by Michelle Burke
In today’s workforce, it is no secret that inequality is still a goal, not a reality. Even though women make up half of the working population, men continue to be promoted to positions of influence over their female counterparts. However, there are several traits that allow a woman to successfully lead, regardless of the circumstance.
Successful leaders must be able to influence those that are around them. While many people think the loudest follower is the one that becomes the most effective leader, true influence is not found in the volume of a person’s argument. Rather, it tends to be a person’s sense of self-confidence that allows others to rest assured in their ability to lead. As women, we are often reluctant to seem too pushy or brash. Yet, it is in those moments that we assert our sense of self that we tend to wield the most influence.
In broad generalities, women tend to be bridge builders. Rather than leading by bulldozing their way through a process, they exercise their ability to collaborate and communicate with all members of the organization. This tendency toward consensus building allows those we lead to have a sense of ownership in the processes in which they are being led. It also tends to allow those we lead to know the “why” of our organizations, fostering greater trust in the decisions we make.
Women have the ability to take ownership of their team’s actions in a way that eludes most men. Michelle Burke, the founder of bossibly, has seen this sense of ownership consistently lead to better outcomes as she has coached young professionals in leadership skills. It is that sense of ownership, not only of the final product the team is producing but also of the relationships that form during the process, that force women in leadership roles to address conflicts within a team before they affect performance. (Want to hear more from Michelle? Click here to register for our webinar!)
Michelle Burke Just-A-Minute Tip: Taking Ownership For Your Team
Recognizing a person for a job well done is easy. Helping a person grow when their performance has not reached their full potential is a skill. Fortunately, leaders can develop this trait over time and with practice. Looking at a person’s sub-par performance through the lens of learning opens up a world of possibilities, not only for the person being evaluated but also for the person doing the evaluating. Suddenly, “failures” become training opportunities. Missteps become leadership moments. The possibility of mentorship opens up. When constructive criticism is effectively delivered, both the giver and receiver leave the evaluation feeling empowered to change a behavior, learn a skill and grow as a worker, instead of feeling defeated and deflated.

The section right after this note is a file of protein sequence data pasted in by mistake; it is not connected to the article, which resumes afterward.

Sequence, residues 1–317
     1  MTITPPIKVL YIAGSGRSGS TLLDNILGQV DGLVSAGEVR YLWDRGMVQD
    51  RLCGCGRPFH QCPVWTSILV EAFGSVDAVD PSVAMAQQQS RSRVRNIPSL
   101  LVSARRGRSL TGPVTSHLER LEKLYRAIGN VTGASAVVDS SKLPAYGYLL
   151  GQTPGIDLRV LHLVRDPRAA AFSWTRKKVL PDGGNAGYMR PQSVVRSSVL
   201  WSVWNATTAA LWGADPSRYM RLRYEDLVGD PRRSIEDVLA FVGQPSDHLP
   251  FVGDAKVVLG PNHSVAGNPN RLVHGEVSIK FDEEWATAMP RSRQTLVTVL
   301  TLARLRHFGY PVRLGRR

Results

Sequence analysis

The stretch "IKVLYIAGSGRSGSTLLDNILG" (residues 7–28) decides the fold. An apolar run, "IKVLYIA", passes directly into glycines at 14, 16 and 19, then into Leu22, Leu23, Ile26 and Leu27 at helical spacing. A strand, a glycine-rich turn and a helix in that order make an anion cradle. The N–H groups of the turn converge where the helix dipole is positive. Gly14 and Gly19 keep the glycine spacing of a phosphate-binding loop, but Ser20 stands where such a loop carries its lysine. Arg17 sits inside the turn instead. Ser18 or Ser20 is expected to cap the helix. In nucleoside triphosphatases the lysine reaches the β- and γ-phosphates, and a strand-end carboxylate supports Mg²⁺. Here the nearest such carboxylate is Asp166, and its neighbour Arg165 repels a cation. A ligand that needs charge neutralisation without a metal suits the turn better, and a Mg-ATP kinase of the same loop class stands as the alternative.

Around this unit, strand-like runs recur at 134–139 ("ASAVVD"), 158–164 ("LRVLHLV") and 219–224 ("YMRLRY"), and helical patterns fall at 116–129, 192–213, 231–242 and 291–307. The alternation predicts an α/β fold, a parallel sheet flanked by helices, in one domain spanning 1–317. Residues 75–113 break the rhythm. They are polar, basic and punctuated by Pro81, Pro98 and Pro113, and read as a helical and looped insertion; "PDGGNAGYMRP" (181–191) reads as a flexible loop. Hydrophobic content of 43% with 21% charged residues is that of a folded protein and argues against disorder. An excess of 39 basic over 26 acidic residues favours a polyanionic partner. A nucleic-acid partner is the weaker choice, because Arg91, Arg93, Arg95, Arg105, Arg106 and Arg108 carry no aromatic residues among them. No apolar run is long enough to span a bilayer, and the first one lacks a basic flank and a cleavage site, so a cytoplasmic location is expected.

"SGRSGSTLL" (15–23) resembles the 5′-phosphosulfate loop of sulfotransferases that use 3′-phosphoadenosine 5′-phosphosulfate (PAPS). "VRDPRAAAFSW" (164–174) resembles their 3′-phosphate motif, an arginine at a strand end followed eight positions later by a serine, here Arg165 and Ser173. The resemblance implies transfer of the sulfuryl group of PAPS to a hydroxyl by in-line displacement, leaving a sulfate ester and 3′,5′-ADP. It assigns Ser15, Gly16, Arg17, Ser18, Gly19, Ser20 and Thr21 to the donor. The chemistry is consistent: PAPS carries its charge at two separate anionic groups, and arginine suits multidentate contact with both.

Women tend to be keenly self-aware in every position, but never more acutely than in positions of influence. For some, this self-awareness makes them reluctant to lead, as they feel inadequate and ill-prepared, yet this trait is also what makes women incredible leaders. Rather than relying on their own intellect, their own ego or their own ability to win the day, women will reach out to those who are more experienced in and better equipped to perform a task. As they do so, those who are tapped for their talents, skills or abilities are able to flourish on the teams women create because they are performing at a high level in an area in which they excel. The difference between being debilitated by a sense of self-awareness and being empowered by it? A willingness to act in spite of any feelings of inadequacy.
Want to learn about women in leadership and your personal strengths? Join Michelle Burke, founder of bossiby as she discusses the leadership gap between men and women and traits that make women exceptional leaders. Register now to secure your spot in the webinar.
About the author:
Michelle Burke is the Founder and Maven Maker of bossibly; she aides business owners and young professional women alike by coaching them to become influential leaders. Using a unique system, she combines character strengths and core values to help them create a culture of engagement, which fosters predictable results and accountability.
Michelle is the chapter president of IAW Orlando and is a key influencer of The Leadership Lab by IAW.